I think many of us are finding student engagement to be one of the more challenging aspects of remote teaching. I sure am.
In person it's much easier to have in class discussions. You can read faces and body language, move around the room, encourage cross discussion and, well, you know, teach in the usual sense.
Much harder on Zoom.
The default behavior isn't a room of people all together but rather a bunch of individual teacher student connections. The sense, at least to me, is that it's more a whole bunch of simultaneous individual meetings rather than one big all together group. This makes cross talk harder.
Next we have cameras. I wish I had more kids turn them on. I don't force them but it's really hard talking to a bunch of names and it really makes it feel like less of a class. When you've got a grid mixed of people and blanks engagement is made even more difficult. Of course I have no idea as to how engaged or disengaged camera off kids are. They might be really engaged and involved. It's just hard to tell and hard to assess.
So, business as usual from an in person class isn't working - time to try something new.
Instead of questioning and working to start a discussion in class as per usual, I'm reworking some questions more into small group prompts with discussion points and something to report back on, sometimes as a group directly and sometimes through some shared platform like a Padlet. So far results are promising. This means a lot of short quick breakouts throughout the class.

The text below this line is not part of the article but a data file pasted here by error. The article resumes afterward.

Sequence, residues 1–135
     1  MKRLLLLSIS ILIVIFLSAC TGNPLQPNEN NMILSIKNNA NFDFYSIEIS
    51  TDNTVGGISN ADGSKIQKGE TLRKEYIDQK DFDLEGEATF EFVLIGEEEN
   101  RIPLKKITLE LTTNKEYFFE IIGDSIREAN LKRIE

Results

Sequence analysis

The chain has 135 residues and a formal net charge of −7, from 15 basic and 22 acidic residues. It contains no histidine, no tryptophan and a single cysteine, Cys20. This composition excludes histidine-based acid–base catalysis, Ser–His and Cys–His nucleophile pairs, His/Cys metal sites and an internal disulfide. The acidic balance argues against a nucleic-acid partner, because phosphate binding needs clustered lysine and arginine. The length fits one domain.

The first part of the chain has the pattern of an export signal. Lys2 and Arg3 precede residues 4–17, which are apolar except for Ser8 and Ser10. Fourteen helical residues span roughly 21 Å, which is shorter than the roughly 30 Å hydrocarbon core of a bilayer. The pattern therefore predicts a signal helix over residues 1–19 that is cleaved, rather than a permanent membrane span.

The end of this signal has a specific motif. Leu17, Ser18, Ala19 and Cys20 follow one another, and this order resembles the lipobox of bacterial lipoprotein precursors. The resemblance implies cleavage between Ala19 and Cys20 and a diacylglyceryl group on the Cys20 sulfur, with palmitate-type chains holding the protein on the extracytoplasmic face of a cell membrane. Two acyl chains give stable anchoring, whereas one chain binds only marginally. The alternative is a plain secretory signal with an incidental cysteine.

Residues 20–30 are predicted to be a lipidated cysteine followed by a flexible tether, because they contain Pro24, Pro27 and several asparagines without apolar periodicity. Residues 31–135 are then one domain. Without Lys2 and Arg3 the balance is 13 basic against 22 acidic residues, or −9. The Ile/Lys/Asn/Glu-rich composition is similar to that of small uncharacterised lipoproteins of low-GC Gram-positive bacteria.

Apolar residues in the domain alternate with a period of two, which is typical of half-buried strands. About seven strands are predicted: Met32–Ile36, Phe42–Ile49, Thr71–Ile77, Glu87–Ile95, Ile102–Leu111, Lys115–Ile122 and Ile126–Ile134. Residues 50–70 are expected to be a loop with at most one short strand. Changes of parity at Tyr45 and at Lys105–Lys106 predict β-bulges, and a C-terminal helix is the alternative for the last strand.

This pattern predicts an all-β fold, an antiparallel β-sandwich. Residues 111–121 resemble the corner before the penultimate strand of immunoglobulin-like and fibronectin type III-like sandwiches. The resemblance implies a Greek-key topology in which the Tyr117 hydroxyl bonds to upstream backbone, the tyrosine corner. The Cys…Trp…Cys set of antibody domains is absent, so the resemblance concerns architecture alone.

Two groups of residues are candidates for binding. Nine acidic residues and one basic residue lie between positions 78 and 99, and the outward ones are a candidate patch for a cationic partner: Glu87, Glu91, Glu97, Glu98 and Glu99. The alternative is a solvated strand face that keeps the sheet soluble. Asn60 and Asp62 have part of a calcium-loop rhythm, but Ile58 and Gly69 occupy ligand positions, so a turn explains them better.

The upside is that the students should be more engaged in the small group discussion. That seems to be the case based on what they're reporting back and what I see when I drop in.
The downsides include the added time as we get in and out of breakout rooms and while it's more engagement overall, it's less engagement with the teacher and harder for me to use engagement as an assessment. I know I can drop in on breakout rooms but dropping in changes the dynamic - it's very different from lurking in a regular classroom and observing what's going on. I also can't get to all the breakout rooms as each visit is clunky and takes time - more time than doing similarly in a live class. On the additional time this takes, I'm not really concerned about that. Remote takes longer, that's life.
Overall, this looks to be a promising approach so I'll see where it leads.
Since this started I've sat in on or read a bunch of remote best practice and none of them came close to leading me to switching things up in this way. I came to try this through honest self reflection, observing how my classes were going and talking to my peers. The truth is, this might be great for me but doesn't work for other teachers and other teachers might not have the engagement challenges at all.
If anything this left me stronger int he belief that best practices are not best practices at all. They're practices. It's up to the teacher to figure out what's best for their students and themselves.